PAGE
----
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Reagan Won’t Oppose Social Security Raise : Cost-of-Living Boost Despite Low Inflation Likely in Election Year

Associated Press

The Reagan Administration today signaled that it will not resist congressional efforts in this election year to grant 37 million Social Security recipients cost-of-living increases next January even if inflation falls below the current 3% threshold.

“We’ve had a significant savings from the lowering of inflation and people on Social Security should have some sharing of that,” Budget Director James C. Miller III told reporters.

Miller’s comments came after a speech to the U.S. Chamber of Commerce in which he cited “strong sentiment in Congress to pay a COLA (cost-of-living adjustment) at the level of inflation.”

“That’s the likely outcome,” Miller said.

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No Specific Endorsement

Another official, who spoke on condition of anonymity, said the Administration “is not going to oppose” legislation that would suspend the trigger mechanism--even if it doesn’t specifically endorse it.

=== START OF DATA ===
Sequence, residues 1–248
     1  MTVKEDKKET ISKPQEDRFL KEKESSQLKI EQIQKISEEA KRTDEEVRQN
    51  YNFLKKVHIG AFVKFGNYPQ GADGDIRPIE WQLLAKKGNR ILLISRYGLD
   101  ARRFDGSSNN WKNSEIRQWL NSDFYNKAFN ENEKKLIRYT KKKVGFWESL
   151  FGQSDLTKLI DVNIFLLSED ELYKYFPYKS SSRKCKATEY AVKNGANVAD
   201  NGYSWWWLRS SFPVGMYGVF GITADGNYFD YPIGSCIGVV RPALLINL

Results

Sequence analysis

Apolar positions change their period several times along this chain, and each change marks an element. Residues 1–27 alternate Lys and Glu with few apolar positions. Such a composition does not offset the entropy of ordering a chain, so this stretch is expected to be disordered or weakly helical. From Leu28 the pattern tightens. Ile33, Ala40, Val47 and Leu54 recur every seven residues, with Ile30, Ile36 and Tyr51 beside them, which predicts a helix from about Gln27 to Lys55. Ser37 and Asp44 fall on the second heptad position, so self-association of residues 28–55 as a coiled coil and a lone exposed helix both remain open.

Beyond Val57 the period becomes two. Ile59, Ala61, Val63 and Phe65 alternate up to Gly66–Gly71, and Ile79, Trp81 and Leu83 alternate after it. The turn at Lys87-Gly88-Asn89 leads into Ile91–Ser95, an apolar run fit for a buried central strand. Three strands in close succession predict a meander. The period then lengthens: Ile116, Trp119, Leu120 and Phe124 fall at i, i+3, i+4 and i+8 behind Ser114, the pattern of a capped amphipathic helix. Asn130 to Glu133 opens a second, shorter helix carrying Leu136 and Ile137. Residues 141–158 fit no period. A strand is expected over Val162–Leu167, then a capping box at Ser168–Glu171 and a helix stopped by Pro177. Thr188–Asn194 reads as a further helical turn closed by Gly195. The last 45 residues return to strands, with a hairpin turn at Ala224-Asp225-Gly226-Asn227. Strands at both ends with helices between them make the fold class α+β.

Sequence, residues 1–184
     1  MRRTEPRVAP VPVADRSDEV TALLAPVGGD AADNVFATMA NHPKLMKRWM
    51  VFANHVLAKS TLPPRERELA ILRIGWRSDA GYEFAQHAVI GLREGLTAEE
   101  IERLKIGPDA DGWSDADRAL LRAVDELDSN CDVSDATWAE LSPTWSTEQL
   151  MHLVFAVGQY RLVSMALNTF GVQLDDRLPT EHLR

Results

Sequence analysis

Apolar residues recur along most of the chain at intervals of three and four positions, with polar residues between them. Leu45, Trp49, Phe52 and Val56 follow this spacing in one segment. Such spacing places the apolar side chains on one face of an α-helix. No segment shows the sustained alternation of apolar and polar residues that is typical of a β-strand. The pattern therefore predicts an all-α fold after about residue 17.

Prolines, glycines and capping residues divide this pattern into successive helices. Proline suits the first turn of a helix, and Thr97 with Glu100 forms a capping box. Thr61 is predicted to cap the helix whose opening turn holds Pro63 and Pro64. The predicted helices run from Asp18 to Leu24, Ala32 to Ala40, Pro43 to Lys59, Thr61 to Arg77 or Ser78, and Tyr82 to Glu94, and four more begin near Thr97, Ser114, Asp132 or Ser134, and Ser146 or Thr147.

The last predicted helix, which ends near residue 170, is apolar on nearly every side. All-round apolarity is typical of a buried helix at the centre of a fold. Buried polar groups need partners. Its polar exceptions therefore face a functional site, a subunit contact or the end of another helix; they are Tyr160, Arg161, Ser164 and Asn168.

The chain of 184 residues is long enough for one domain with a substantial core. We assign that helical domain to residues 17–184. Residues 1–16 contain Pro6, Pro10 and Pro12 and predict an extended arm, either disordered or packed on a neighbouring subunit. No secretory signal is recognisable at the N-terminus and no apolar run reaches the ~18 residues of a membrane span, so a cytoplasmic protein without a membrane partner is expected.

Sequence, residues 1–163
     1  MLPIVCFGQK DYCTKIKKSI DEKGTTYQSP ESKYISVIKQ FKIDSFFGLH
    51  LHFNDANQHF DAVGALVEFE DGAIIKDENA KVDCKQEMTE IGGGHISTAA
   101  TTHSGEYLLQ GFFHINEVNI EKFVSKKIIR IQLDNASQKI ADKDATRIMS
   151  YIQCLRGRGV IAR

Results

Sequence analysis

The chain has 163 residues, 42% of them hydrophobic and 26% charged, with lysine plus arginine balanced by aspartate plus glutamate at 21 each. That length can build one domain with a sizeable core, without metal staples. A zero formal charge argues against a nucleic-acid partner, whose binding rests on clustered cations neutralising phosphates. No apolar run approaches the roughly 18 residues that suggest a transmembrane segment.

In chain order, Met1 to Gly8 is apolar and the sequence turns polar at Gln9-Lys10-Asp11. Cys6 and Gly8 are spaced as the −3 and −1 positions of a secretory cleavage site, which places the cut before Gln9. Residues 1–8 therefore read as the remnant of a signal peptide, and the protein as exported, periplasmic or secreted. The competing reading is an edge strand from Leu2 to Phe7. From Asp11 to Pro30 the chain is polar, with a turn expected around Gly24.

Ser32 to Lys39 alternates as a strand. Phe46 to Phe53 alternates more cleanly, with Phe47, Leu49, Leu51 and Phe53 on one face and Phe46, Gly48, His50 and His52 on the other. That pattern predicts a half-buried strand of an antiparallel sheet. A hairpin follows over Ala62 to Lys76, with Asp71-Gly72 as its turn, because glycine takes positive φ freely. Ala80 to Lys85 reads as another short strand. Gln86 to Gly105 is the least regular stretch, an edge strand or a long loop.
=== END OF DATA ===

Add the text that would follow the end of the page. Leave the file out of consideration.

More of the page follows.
Because of this year’s plunge in oil prices, economists do not expect the consumer price index used to determine cost-of-living increases to rise above 2%.

A 1972 law provides for cost-of-living adjustments in Social Security retirement benefits whenever the inflation rate is 3% or more. If inflation falls below 3%, the increase is to be delayed until it does rise above that level--even if it takes several years to do so.

Social Security beneficiaries have received a raise every year since the law was enacted--3.1% this year--although in 1982, Congress had to vote to waive the trigger when inflation dipped below 3%.

Action Anticipated

In this election year, the same action is widely anticipated on Capitol Hill.

Both the House and Senate have passed budget resolutions providing for a 2% increase next January but restoring the 3% trigger in subsequent years.

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A Social Security Administration spokesman, Jim Brown, said every percentage point of inflation costs $2 billion in additional benefit payments.

Thus, leaving the trigger in place could save the government about $4 billion--assuming a 2% inflation rate.


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